Running at High Altitude
The higher the mountain, the lower the temperature. The same happens with the atmospheric pressure, a fact that automatically translates into a lower availability of oxygen.
It’s no secret that environmental changes dramatically affect athletic performance. Therefore, runners need special regimes when running at high altitudes.
These adaptations for high-level athletes are training and food. It’s about adapting to the specific conditions that occur thousands of feet above sea level.
Keep in mind that moisture decreases at altitude. A factor that when combined with a higher risk of sunburn, will increase the risks of dehydration.
Thirty percent of people ascending abruptly to heights higher than 10,000 feet above sea level will suffer with altitude sickness.
Altitude sickness brings with it a series of symptoms that, beyond certain discomforts, can represent significant dangers for the health of those affected.
Nausea, general weakness, and breathing difficulties are the first symptoms to appear. The list also includes headaches, decreased mental agility and loss of reasoning ability. Altered emotions and apathy are other signs too.
Naturally, sports performance is also seriously affected. A factor that isn’t related to aerobic capacity, nor to the level of resistance. Poor adaptation to the conditions at altitude can make any plan unviable.
From less to more
Those who run at altitude need to acclimatize and adapt to the particular conditions, to be able to perform optimally. This is a process and it’s recommended that at least 30 days are spent in training.
The closer a person lives to the ocean, the harder it will be to acclimatize. While the decline in sports performance begins to become evident at altitudes above 7,000 feet above sea level, some people are affected much earlier.
The adaptation plans for altitude must consider the daily environmental conditions. After all, any change in the environment will always influence the results and the response capacity of the body.
High-altitude runners: work plan
Most of the programs whose objective is to adapt athletes to environmental conditions at high altitudes are divided into three segments. During the first week, a routine of comfortable exercises begins. Without too much intensity, or trying to force any attempt to reach the optimum goal quickly.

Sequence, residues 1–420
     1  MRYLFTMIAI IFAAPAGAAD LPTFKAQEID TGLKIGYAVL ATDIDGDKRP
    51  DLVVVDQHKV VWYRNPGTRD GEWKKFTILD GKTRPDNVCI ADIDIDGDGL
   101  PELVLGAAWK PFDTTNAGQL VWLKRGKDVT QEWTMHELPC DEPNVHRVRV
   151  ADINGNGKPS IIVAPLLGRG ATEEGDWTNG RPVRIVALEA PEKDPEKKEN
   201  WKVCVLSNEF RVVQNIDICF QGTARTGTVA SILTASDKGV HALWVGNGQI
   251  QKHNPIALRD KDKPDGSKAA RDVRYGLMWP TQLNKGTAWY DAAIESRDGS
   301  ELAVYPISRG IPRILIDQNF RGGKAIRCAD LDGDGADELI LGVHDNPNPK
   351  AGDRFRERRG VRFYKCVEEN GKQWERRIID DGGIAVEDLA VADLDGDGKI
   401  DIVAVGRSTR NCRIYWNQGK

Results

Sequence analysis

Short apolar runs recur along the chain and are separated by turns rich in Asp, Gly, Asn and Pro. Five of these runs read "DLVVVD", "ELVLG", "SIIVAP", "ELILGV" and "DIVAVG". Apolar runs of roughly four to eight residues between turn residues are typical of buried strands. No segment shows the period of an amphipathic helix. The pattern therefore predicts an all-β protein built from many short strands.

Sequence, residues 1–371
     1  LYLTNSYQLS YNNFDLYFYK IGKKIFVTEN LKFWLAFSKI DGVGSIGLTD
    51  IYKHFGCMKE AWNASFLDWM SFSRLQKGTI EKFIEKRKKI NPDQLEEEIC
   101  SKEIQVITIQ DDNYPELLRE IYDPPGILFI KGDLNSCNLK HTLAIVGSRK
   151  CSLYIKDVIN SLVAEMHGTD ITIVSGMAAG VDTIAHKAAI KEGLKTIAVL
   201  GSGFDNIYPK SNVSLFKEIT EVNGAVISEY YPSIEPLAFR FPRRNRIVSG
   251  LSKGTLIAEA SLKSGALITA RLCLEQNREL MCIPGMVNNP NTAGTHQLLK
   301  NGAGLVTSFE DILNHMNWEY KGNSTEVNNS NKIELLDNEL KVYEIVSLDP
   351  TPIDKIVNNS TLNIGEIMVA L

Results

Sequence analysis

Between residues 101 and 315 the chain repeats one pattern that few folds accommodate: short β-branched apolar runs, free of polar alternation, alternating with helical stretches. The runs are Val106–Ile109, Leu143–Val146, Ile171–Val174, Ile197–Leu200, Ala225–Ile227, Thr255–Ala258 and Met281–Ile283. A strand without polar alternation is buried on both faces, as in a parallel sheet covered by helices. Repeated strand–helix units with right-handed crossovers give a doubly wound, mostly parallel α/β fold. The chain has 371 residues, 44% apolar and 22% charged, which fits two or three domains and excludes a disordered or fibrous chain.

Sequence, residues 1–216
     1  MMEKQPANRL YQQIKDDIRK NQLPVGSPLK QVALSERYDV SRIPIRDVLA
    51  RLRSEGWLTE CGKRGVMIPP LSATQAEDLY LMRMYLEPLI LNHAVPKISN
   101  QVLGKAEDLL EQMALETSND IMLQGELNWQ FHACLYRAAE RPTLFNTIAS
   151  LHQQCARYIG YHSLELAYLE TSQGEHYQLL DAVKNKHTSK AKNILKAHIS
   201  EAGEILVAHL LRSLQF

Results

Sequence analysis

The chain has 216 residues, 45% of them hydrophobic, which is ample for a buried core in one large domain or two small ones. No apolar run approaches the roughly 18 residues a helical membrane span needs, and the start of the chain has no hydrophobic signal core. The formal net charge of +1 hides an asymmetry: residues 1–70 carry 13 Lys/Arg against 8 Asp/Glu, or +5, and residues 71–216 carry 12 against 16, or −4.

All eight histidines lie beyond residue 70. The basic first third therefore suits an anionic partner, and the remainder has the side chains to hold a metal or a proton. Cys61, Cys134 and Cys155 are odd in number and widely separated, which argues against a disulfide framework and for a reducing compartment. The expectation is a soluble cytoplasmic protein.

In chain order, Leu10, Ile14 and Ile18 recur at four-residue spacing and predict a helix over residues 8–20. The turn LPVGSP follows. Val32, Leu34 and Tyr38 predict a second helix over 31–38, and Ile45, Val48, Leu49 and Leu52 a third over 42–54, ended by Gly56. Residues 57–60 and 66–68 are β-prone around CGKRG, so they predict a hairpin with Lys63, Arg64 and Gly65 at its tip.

The next two weeks represent the key moment. During this period, athletes do need to be fully engaged. The goal is to maximize physical and even mental abilities.
Sometimes, the preparation to not give up can make a difference. Foot races or bike races must go together with a lot of anaerobic work. The strength and endurance of the entire muscle structure is another aspect that also needs to be optimized.
During the last four or five days, the intensity and workload must be decreased again. It’s time for the body to assimilate the training and finish adapting to the environment.
It should also be remembered that active rest, mid-tempo walks or stretching and relaxation exercises are especially recommended for this stage.
Food: more calories
The basal rate increases considerably the farther from sea level a person is. This is the minimum amount of calories required by the human body to efficiently fulfill all its vital functions, from breathing to moving.
The diet of altitude runners must be especially rich in carbohydrates. In addition to representing the best sources of energy, they have the ability to facilitate the transport of oxygen through the bloodstream at high altitudes.
Unsaturated fats also provide a good amount of extra calories, necessary to maintain performance under these conditions.
On the other hand, vitamin supplements are very helpful products. Especially vitamin E, one of the nutrients containing antioxidant properties.
Don’t forget that from 9,900 feet above sea level, oxidative stress is much higher. This significantly increases the risks of suffering from muscle injuries.